That needs to change immediately. And yet, redlining has been illegal for more than 50 years, so what can people to do fix the aftermath? School choice and voucher programs are a solid solution. However, many of the people hoping to change the education system so that it is fairer and provides more opportunities for the disenfranchised, are staunchly against school choice and voucher programs. Pointing out the evils of redlining and the way it still affects black Americans today is a great thing to do, but you have to also want a solution and be serious about it.
Is it Black Lives Matter or All Black Lives Matter?
Which brings us to the final point. Are the people who scream and shout “black lives matter,” really serious about it? Because the slogan should really be, “some black lives matter.” For some reason, it is quaint and catchy to dismiss and ignore the number of black people killed by black people in the United States. Why? Obviously the unjustified death of any black person–any person–at the hands of police is an evil that must be snuffed out. However, the unjustified death of any black person–any person–at the hands of anybody is an evil that must be snuffed out.
Why is the death of someone who dies at the hands of the police more important to you than the death of someone shot by someone of their own skin color? It does not matter to the family members of the dead person, their relative is dead. Dead! The dead do not come back and every person who is murdered is a tragedy. While we must protest every unjustified death at the hands of police, we can’t continue to ignore everybody getting shot each weekend in places like Chicago. If black lives matter, then all black lives should matter, regardless of what SOB snuffed out that life.
This is not some catchy, “I got you” line; this should be something everybody of every race can agree on (just like we all agree the death of George Floyd is a tragedy that should never have happened). But it is really difficult to get behind the black lives matter movement and cries of systemic racism when the movement clearly does not care about certain black lives. Not only is there the issue of black-on-black crime, but a sickening number of black lives are ended before they get a chance to begin.
The Black Lives Matter Holocaust Happening Every Year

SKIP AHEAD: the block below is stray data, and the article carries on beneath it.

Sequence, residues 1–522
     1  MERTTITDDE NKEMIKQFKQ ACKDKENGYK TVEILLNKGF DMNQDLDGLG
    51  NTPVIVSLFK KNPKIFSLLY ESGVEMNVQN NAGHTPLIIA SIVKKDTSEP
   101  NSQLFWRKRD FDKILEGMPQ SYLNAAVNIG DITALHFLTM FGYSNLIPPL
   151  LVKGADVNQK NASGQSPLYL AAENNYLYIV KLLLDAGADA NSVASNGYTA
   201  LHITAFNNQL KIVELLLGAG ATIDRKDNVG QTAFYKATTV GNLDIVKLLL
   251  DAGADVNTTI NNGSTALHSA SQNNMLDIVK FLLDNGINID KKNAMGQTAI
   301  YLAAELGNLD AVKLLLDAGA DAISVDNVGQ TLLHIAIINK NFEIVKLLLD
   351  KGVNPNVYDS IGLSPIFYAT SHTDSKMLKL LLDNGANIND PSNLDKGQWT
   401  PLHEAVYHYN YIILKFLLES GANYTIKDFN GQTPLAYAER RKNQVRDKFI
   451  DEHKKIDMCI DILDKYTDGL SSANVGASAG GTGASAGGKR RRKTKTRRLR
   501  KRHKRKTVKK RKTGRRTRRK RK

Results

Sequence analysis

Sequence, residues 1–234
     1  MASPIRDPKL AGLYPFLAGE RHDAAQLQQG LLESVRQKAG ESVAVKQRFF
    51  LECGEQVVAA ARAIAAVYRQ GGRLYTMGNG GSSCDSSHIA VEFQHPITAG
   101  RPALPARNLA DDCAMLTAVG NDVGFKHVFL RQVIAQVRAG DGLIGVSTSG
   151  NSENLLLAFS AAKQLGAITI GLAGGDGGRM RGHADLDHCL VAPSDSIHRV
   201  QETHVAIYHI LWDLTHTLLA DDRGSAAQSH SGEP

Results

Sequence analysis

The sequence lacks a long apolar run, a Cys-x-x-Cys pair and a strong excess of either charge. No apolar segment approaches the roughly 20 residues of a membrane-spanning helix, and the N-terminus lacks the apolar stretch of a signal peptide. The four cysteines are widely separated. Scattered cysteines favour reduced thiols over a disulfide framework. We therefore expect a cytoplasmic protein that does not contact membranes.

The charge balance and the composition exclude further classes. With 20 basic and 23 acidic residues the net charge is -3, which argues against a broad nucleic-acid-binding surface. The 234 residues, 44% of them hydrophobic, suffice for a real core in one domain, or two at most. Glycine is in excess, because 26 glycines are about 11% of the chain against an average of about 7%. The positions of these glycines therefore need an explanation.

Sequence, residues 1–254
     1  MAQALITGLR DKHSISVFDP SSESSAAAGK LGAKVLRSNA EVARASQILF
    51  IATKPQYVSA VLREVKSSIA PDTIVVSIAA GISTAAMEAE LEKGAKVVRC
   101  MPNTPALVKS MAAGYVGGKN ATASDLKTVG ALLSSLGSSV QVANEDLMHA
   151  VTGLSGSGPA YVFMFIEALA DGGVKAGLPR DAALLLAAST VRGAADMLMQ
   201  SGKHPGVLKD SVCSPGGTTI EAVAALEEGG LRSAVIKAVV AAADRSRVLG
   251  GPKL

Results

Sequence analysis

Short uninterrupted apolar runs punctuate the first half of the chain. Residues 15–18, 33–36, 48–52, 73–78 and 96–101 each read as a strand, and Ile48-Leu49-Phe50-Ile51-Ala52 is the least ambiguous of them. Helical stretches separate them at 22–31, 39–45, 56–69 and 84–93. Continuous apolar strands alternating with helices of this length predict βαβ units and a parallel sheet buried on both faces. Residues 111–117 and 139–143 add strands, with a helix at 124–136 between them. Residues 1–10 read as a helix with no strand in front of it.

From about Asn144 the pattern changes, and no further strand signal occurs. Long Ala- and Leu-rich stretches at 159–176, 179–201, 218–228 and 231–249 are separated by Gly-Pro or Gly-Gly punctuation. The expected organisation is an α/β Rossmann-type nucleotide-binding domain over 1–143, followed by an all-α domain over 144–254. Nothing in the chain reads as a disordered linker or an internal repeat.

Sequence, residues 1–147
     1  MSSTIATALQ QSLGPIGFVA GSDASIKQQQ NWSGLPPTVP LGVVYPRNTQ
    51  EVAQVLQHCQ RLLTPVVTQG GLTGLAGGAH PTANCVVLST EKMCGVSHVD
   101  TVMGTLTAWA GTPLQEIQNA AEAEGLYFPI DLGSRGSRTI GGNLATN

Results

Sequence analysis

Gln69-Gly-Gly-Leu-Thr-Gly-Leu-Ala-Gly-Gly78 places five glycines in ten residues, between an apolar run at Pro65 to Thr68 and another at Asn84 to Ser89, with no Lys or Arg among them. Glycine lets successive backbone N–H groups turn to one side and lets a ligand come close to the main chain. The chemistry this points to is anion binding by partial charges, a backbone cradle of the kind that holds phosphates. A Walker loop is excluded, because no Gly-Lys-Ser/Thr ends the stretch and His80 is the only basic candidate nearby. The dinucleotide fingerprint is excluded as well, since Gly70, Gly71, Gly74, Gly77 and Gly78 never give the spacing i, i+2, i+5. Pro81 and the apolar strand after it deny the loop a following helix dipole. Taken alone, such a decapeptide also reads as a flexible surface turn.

Black people only make up 13% of the population, but they are responsible for upwards of 36% of all abortions in America. Of the 44 million abortions since Roe v. Wade, black women have accounted for 19 million abortions. That is more than three times the amount of Jews who died in the Holocaust. Think about it for a second; the Holocaust occurred more than 70 years ago and the Jewish community is still trying to recover from it. And yet, there is a holocaust occurring every single year in the black community where more black babies are getting killed than all other black deaths combined. This is not by mistake; Planned Parenthood targets minority communities and places 79% of all their surgical abortion facilities within walking distance of minority communities, but nobody bats an eyelash. When you claim the system is racist, but ignore a perpetual black holocaust, it is a little difficult to take the movement seriously.
There is no racist system in America. It is literally against the law. There were racist systems and laws in the past (obviously), and some of the after-effects are still being felt today. However, if you want to fix the system and improve the quality of every black life, you have to be serious about it. Shouting slogans is not enough. You have to think about solutions and analyze if those solutions work or make sense. If they do, awesome, if they don’t, try something new.
If you say black lives matter, then you have to worry about all black lives and not just the ones that fit your agenda. To do anything else is wickedly hypocritical and also makes you part of the problem. Yes, while it is great to harp on and worry about the problem, finding a solution should always be the end goal. So, let’s say what we mean, mean what we say, and work together to find solutions to all these problems, but if you are not serious about finding those solutions, it is best for everybody if you kept quiet.